I’m going to try my high intensity listening pace with this Bible. That amounts to two hours a day, spread over my commutes and meals plus a little extra. At 2x speed The Message Remix is about 40 hours, so it should take me three weeks to get through it. That fits into Lent nicely.
The quickest I’ve gotten through an audio Bible in the past is 90 days. Here are some reflections from one of those listens. I’m curious to see how my impressions this time compare.
I finished Refactoring Databases. I love databases as a programming tool, but I don’t know enough about them to evaluate this book fairly, so I’m taking other people’s word for it that it’s great. If nothing else, this one and the other books in the evolutionary distributed software architecture family give me a starting point for learning more about these topics.
Coding project generator
Not only did I put this project on hold to get through House of Leaves, I’ve taken it off this month’s agenda altogether in favor of a different project, which I’ll tell you about in the Fiction section. And then I have another project in mind for April, so I’m planning to get back to the project generator in May.
House of Leaves
Last week I pushed myself through reading the 700-page novel House of Leaves. It’s a classic of the found footage horror genre. I read it for a challenge posed by a YouTuber named Nick Nocturne, a lead-up to the first in his series of videos analyzing the book. It’s definitely an R-rated book, but if you don’t mind that and you like having your mind twisted in metafictional knots, it’s a good one. According to Nick, it has inspired and shaped a lot of creative work in the genre.
If this had been an audiobook, reading it in nine days would’ve been no problem. But print reading is difficult for me because I’m so easily sidetracked, and I slow way down when I’m bored. But I remembered I have a trick–I time each page with the stopwatch on my phone, and that keeps me focused enough to maintain a nice pace. After a while of that at the beginning, I realized the story was carrying me along on its own, so then I read normally, and I only had to use the trick a couple of times after that.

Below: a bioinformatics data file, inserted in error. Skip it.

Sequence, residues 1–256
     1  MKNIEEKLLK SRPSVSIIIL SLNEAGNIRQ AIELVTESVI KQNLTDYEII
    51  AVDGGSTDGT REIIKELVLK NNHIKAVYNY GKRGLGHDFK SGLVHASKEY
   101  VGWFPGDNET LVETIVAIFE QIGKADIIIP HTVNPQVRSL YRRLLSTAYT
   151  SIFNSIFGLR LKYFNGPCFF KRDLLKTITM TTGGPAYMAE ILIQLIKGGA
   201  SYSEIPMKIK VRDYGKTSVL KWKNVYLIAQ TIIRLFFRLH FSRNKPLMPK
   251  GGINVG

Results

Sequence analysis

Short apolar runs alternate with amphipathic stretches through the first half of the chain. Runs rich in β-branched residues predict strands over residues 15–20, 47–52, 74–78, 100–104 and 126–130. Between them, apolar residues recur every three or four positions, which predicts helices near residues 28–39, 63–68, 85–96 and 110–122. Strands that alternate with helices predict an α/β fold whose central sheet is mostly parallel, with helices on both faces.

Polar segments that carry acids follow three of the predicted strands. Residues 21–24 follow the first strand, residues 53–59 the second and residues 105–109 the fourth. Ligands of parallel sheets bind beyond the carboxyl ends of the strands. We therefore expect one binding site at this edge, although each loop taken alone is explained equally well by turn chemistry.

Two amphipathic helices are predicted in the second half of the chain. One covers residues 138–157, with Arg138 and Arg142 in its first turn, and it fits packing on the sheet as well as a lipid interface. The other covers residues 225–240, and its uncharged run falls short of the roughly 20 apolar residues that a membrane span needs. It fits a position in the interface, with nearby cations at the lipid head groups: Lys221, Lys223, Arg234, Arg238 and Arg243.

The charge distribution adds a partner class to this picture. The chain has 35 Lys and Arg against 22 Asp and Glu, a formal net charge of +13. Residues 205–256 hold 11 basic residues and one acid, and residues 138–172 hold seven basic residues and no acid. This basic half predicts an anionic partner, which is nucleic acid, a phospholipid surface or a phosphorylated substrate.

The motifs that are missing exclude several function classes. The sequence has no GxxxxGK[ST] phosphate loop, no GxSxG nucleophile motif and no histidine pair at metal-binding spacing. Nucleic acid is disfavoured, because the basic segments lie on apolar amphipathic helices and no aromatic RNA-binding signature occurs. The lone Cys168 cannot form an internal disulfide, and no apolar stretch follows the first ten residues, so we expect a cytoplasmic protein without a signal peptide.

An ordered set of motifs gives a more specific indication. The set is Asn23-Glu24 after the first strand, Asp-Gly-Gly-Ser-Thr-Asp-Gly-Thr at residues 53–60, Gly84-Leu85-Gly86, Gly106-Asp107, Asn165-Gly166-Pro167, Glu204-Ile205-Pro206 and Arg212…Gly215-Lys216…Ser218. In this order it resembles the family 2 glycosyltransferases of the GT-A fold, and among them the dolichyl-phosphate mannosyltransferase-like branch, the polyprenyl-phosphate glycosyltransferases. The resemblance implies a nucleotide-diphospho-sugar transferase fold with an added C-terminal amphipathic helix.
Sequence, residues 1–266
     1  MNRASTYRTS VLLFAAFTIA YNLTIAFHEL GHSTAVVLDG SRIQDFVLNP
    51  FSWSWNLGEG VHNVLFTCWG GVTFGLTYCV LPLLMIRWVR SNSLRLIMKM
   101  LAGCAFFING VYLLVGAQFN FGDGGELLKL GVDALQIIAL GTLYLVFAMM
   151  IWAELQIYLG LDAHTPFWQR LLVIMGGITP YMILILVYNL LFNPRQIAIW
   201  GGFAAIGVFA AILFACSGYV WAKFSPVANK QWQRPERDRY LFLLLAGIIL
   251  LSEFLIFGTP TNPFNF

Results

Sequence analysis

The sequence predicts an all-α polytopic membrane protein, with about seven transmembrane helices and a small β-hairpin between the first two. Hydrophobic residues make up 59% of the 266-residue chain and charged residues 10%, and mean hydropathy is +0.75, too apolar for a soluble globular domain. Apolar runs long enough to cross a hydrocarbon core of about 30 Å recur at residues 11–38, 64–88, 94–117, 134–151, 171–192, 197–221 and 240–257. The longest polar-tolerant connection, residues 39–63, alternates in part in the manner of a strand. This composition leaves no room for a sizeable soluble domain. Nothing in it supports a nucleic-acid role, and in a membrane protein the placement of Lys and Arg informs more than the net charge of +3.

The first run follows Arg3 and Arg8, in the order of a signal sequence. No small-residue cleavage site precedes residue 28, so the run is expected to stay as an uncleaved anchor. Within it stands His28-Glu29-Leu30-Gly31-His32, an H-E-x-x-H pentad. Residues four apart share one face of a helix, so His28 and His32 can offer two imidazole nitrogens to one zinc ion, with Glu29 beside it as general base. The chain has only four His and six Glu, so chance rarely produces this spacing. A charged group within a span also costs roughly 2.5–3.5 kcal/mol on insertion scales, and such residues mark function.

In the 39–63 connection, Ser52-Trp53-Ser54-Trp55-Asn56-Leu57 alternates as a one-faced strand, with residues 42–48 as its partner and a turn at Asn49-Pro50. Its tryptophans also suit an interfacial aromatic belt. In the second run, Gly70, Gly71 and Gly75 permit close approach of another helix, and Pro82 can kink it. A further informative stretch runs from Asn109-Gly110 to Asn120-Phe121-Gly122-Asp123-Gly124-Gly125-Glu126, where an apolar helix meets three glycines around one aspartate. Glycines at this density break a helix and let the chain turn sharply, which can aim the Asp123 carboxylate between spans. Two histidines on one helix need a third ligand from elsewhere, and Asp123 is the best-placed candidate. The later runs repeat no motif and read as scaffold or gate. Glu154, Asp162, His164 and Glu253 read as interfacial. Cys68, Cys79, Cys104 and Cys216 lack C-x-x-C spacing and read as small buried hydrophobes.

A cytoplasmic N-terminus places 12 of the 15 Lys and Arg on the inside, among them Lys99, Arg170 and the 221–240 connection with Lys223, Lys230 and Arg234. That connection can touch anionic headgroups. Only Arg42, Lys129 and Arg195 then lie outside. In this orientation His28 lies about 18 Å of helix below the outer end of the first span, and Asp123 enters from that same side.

The other trouble was setting aside the time to read. I haven’t really solved that yet. But somehow despite days of very little reading mixed with a few multi-hour sessions, I got through the whole thing by Saturday evening.
The real miracle is that I finished the book! Thanks for the chance to prove to myself I can still read long things. Now to find out all the meanings and connections I missed. 😄 #HouseOfLeavesChallenge pic.twitter.com/AfBzu3P55Y
— Andy Culbertson (@thinkulum) March 10, 2019
The dark ambient music from my Pandora station was a fitting backdrop to the novel. I ended up mostly listening to a playlist on my phone that was derived from the station.
That leads me to my project for the rest of this month. Nick has been very involved in the House of Leaves Challenge, retweeting the participants and putting their book photos in his video. He even retweeted my link to my dark ambient station.
So I was thinking my fellow House of Leaves readers might like some pointers to more experimental literature, and this would be a perfect opportunity to finish a project I started two years ago to collect such a list. My starting point is The Routledge Companion to Experimental Literature. It should be easy enough to finish the project in the next couple of weeks. I don’t know how much attention it’ll get, but it’ll at least be worth it for my own reading.